Attending conferences provides me, an introvert, with opportunities to grow. By nature, I would prefer to sit in my room, or to be alone in the dining room. I choose not to do so. If I do, I know I will be the only one to blame for missed opportunities. So, I choose to sit with strangers and get to know their stories. During free time, I force myself to leave the hotel and walk around. I choose to deliberately take the back roads, not the main routes, because this is where the locals hang out. Surprise follows, discoveries are made and I get to practise my limited Italian (this time) with people who call this place home.
During meals, I have come to get to know people from the UK, Estonia, Belgium (with whom I speak Afrikaans much to all of our enjoyment), France, Germany, the Netherlands (they prefer to communicate in English) and other parts of the world. When they hear where I come from, interesting questions emerge. They mainly want to know two things. First, how Desmond Tutu is doing, and second, about Nkandla and whether South Africa is following failed African states into the abyss of corruption, nepotism and self-destruction. Needless to say, no-one has a kind word to say about the current South African political leadership. How do I respond? Regarding the Arch, I comment that politicians love him when they agree with him and sideline him when they don't agree with him. He might be getting on in years, but he is not afraid to speak truth to power. Regarding the leadership, I remind them that we are a democracy. Yes, our leaders may be questionable, but the real problem is that in South Africa, we are quite good at transferring blame. We blame politicians for corruption, maladministration and poor service. We blame past political forces for lack of progress and while all this appropriation carries some weight, I do not think that this is honest.
In my view, we have, for some unbeknown reason, chosen to place our hope in politicians. We wait for a messiah who is not only popular, but who has a proper manifesto and will lead our country forward. In my view, it is a misplaced hope. Even though the different political parties promise to fill this hopeful void, we repressively know that politicians have lost touch with their constituency. They won't fix the problems, not as long as they live in comfortable houses, drive fancy cars and live life which carries no resemblance to the lives of those whom they court for votes. Yet, they are not the real problem in South Africa.
The problem, in my view is not them, but us, the citizens. Who are the officials and clerks who work in government offices, taking bribes to expedite services? They are us, not politicians. Who are the companies who provide substandard contract work? They consist of us, not politicians. Who prefers to sleep on the job and not fulfill their responsibilities with a strong work ethic and personal drive to advance South African society? Us, and okay, politicians. Of course this is a generalization, but the fact remains, we can try and blame systems, policies, politicians, Apartheid, affirmative action, but unless there is a general change of heart and an attitude to go along with promoting well-being for all, I fear no election will produce the change we would like to see, no matter who wins. As the saying goes: "Be the change you want to see". Participatory democracy means that we elect leaders to positions, governed by a constitution that belongs to all of us, and which comes from all of us. Second, we all have to pull our weight to do our best to advance society. Third, we hold each other accountable through elections, properly regulated tendering processes, just policies, accountability and pride. Sadly, we are far from this.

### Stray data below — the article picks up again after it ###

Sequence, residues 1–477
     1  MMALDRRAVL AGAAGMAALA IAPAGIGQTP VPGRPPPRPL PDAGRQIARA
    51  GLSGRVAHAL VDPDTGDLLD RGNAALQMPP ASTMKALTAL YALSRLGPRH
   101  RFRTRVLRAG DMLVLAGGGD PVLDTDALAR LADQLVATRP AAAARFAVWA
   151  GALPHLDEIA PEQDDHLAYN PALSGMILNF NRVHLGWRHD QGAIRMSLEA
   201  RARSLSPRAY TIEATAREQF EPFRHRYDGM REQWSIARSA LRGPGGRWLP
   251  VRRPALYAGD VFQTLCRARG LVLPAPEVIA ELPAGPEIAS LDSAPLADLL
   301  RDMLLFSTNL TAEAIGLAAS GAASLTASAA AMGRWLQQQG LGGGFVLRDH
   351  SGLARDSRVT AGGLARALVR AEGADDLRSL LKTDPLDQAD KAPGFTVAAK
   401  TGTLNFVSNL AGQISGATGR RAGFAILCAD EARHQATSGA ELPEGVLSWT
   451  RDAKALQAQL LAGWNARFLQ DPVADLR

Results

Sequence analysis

Truth be spoken, we lack this because we simply don't trust each other. We don't trust politicians, we don't trust political parties, we don't trust the legal system or the police, and trust is even in question along racial lines. Politicians don't trust the people, labour does not trust unions, employees don't trust employers, learners don't trust teachers and the list goes on. We too easily pass blame to everyone else, except to take an honest look at ourselves. So, we can't just blame president Zuma for the difficulties in South Africa. As a nation, we put him in this position of power - that is the nature of the vote.
I then proceed to tell these friends that I have great hope for South Africa as we see a new generation of people who are willing to get on with the job, who will not vote out of sentiment or historic affiliation. There is a breath of fresh entrepreneurialism, open-mindedness to explore possibilities with partners with passion, experience and most of all, strong moral convictions. There is a wave of people who strive for a non-sexist and non-racial society. These are people who will not stand by idly while shortsighted, hedonistic vacuum cleaners suck South Africa dry while it lasts. Enough is enough.
I look forward to my opportunity to vote on Wednesday. I don't know who I will vote for, but I know who I will not vote for (excuse the double negative). I will vote strategically to make sure that politicians have to earn their keep and argue well to pass bills and not simply depend on the weight of a caucus (and caucuses have significantly increased in weight since 1994).
I hope to see in South Africa what I have seen in different parts of the world - a people who collectively own and who are proud to be associated with their country, who stand together and who will live with the same passion as Tata Madiba, O.R. Tambo and the Arch to just get things on track.